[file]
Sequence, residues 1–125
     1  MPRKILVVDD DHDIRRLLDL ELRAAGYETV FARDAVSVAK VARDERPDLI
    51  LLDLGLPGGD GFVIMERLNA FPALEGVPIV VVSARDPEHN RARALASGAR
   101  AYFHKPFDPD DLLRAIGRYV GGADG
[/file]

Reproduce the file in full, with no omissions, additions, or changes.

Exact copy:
Sequence, residues 1–125
     1  MPRKILVVDD DHDIRRLLDL ELRAAGYETV FARDAVSVAK VARDERPDLI
    51  LLDLGLPGGD GFVIMERLNA FPALEGVPIV VVSARDPEHN RARALASGAR
   101  AYFHKPFDPD DLLRAIGRYV GGADG